All posts by Rand Simberg

Lunar Science Workshop

Light posting because I decided at the last minute to fly up to San Jose for the workshop at NASA Ames. Been listening to lunar stuff all day. Highlight: a talk by Jack Schmitt, the only geologist to walk on the moon, and the second to last to walk on it, a little over 45 years ago. And with the death of John Young a few days ago, only one of five remaining moon walkers. He’s looking pretty good at 82, and I think he stands a good chance of seeing the next person walk on the moon.

Running Scared

France and Germany are studying reusability in rockets. I found this amusing:

The idea for Callisto did come in part as a response to SpaceX, which has now landed 20 boosters and flown five customers on used rockets, but both Astorg and Dittus describe the project as very different.

“It’s not a copy of what SpaceX is doing,” Dittus said. “In some aspects we are also skeptical [about reusability as] the right path, but we will see what is best and then we can come up with ideas of how we proceed.”

Riiiiiiiight.

Meanwhile, Orbital ATK is taking USAF money to try to resurrect Liberty.

When all you have is a hammer…

Linux Issue

Patricia’s HP printer, which I used to use to scan, has died (don’t know if it’s a bad power supply, or it’s just bricked). My Brother DCP-L2540DW laser, which is a great printer, refuses to scan. I can see it with Simple Scan, but I get a message that it cannot connect to the scanner. I went to the Brother web site, and installed their own drivers from rpm (actually from a bash script), and still no joy. A Google search indicates that others have had similar issues, but none exactly like mine (for instance, they can’t print, either, whereas the printer works fine). Any suggestions for trouble shooting?

The Webb Telescope

We had dinner with Leonard and Barbara David when we were in Colorado over the holidays. He told me that he’d been working on this piece about whether it’s too big to fail.

I’ve been concerned about the risk for years. I hope it works, but it’s not the approach I’d have taken. The next big telescope will be assembled in space, not launch origami.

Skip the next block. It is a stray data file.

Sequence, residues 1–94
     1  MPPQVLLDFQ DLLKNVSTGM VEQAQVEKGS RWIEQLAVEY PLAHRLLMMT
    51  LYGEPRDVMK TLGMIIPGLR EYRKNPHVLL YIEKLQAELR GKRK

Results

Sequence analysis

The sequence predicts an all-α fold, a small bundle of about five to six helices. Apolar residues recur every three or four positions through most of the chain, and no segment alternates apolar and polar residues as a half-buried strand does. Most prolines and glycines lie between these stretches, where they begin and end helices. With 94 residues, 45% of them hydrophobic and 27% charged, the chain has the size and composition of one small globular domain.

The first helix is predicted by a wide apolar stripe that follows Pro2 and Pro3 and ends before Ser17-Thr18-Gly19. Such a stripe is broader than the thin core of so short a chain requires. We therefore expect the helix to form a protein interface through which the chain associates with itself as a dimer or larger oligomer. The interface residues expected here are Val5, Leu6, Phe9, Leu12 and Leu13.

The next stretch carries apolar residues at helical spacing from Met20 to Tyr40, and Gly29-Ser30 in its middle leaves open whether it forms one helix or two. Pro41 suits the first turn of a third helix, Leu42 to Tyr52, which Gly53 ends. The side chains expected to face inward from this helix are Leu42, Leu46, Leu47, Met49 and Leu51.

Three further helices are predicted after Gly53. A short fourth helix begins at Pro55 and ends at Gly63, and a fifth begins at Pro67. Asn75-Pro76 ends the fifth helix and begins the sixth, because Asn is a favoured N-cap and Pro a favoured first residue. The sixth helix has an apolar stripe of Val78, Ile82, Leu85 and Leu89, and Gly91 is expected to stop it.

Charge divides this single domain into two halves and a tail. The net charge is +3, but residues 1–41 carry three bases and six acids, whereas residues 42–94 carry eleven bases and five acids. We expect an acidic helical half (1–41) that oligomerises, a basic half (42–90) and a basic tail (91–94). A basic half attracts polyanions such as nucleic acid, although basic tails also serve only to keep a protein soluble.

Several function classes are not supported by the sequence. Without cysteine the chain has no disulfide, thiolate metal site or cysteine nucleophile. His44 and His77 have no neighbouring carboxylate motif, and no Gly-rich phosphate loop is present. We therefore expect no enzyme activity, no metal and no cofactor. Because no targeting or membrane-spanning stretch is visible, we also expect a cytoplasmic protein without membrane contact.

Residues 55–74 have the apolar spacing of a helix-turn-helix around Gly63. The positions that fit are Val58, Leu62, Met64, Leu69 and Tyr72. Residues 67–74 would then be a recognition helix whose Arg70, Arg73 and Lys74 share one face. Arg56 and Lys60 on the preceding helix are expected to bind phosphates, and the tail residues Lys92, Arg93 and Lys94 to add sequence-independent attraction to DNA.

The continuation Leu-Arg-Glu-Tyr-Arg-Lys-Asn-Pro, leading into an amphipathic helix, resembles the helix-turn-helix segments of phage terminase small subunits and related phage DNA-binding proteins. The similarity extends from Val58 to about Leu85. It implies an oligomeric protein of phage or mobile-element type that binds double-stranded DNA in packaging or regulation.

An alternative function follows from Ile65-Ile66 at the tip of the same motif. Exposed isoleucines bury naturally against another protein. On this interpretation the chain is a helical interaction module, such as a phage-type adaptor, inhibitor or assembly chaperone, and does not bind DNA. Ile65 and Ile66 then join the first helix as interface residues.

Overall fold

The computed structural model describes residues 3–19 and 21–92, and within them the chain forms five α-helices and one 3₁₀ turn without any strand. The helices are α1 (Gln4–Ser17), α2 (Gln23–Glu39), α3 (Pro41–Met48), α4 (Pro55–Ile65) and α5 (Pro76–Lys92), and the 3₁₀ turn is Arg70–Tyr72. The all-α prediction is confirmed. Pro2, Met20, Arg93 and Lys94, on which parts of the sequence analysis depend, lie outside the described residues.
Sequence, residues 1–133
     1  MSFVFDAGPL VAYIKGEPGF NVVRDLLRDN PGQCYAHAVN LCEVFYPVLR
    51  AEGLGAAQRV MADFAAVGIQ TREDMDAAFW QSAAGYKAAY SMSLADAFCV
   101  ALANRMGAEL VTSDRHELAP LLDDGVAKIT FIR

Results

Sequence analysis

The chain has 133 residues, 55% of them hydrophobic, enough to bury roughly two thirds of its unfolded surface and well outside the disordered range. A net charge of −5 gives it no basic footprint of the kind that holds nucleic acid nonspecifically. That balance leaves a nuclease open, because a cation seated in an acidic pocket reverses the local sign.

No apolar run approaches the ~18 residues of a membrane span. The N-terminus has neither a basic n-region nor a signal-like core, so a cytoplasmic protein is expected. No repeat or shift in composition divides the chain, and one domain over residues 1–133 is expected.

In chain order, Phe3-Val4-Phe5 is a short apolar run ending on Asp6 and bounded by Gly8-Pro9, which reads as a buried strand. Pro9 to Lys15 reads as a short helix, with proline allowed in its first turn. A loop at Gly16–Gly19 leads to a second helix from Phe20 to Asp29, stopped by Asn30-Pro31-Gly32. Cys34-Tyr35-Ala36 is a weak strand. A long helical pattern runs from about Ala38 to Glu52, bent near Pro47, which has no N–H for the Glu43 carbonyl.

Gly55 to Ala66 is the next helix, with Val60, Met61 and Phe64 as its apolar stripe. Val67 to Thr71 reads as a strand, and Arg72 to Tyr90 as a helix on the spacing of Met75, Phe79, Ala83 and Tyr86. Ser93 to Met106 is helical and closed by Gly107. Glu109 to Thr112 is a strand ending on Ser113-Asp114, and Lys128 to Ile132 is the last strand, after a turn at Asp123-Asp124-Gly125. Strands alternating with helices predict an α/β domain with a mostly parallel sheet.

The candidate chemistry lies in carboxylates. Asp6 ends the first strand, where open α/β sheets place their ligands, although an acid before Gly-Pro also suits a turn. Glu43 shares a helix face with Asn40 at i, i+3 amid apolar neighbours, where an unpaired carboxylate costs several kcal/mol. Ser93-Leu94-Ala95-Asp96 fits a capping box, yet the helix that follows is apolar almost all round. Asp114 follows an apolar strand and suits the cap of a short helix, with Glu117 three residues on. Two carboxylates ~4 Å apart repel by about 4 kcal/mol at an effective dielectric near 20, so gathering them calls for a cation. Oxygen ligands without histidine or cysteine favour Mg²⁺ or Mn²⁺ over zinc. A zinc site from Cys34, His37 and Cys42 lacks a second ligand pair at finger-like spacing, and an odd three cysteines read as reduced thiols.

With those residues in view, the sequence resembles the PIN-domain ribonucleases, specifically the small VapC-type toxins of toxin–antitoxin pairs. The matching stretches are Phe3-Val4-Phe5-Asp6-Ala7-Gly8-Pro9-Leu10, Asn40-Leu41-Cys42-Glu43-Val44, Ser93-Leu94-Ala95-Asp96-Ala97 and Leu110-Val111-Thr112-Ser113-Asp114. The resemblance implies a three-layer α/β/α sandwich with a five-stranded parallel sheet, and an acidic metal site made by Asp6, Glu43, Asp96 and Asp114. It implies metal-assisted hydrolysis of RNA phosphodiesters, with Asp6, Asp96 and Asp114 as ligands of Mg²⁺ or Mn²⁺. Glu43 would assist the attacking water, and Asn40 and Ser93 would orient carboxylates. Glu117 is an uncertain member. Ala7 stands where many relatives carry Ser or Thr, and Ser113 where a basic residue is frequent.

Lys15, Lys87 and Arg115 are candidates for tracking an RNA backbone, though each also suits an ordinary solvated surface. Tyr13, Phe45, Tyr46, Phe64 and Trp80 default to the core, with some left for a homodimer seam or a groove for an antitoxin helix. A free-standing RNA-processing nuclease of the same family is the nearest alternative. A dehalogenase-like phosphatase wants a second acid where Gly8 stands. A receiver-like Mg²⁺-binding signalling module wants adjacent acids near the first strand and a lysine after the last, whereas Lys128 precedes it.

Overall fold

The Dead Letter Of Education

David Solway, with a depressing tale of why he quit teaching:

…when I briefly tried to introduce my students to a portion of the paronomastic, multi-lingual Wake for the sheer fun of language at its most exuberant, I was rewarded with blank incomprehension. It is, admittedly, a formidable text, but I felt that with some tutorial guidance students might be intrigued by the multiplex resources of the language, its potential to “maximize modularity,” to use an aeronautical phrase. I couldn’t have been more wrong. I did appreciate the following cartoon from a graphically talented student for its cheeky insouciance. Still, it was a sign that students are far more comfortable performing in a visual milieu than in a textual environment, as this student, like the majority of his congeners, experienced significant hardship organizing his thoughts and perceptions both in his verbal presentations and written projects.

I’m still a little rankled by the fact that, with all of the writing I’ve done on the topic, the only journalism award I’ve won from the kids is for animations of space-policy discussion.

Oh, and here’s an example of what a mess things are at my own alma mater in Ann Arbor. And they wonder why I don’t donate to the alumni fund.

Virtual Assistants

Why you’ll fire Siri and do the job yourself:

I spoke to ObEN co-founder and CEO Nikhil Jain this week. He told me ObEN’s technology generates a 3D, computer-generated representation of the user’s face with a single selfie.

ObEN also learns to copy your voice. Once it’s got your voice down, it can do things with your voice that you cannot — speak Chinese, for example, or sing.

That “personality” is based not only on how you speak, but on what you know as well. It’s even possible to add knowledge manually.

Hard to imagine anything going wrong with that.